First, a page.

Fabio López Lázaro, Associate Professor of History, University of Hawaii at Manoa
Geographical and politonymic taxonomies (like "Western" and "Muslim") have been historically used to imagine ---and obscure--- sameness and difference between peoples across time and space. In this talk I discuss the consequences of my discovery of medieval evidence that questions a favorite media trope, the differentiation of "Western" and "Muslim." Medieval evidence that "Western" was first coined as a cultural-political moniker by the Muslim Mediterranean Almohad dynasty of the eleventh and twelfth centuries problematizes two central tenets of Occidentalism: the modern anachronistic chronotopic meanings of "Western" and "Muslim" and the agnotological dismissal of our debt to Almohad-sponsored philosophy and politics. I explore how these discourses have essentialized and divorced European Renaissances, Enlightenments, and Modernities---as unique "Wests"---from transliminal phenomena that were not exclusively European, African, or Asian, nor Jewish, Christian, or Muslim.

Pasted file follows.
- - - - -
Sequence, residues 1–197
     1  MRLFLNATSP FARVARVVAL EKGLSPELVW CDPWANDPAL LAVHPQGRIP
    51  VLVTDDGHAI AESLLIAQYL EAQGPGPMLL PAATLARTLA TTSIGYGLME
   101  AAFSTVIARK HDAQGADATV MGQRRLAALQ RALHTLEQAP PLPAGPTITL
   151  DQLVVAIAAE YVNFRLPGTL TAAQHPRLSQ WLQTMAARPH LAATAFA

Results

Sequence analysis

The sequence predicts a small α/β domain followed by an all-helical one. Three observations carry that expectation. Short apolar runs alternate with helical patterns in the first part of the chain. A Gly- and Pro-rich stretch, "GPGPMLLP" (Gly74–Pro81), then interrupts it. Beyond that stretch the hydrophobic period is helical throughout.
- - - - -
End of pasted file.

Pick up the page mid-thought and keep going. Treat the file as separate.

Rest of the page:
Fabio López Lázaro
University of Hawaii at Manoa
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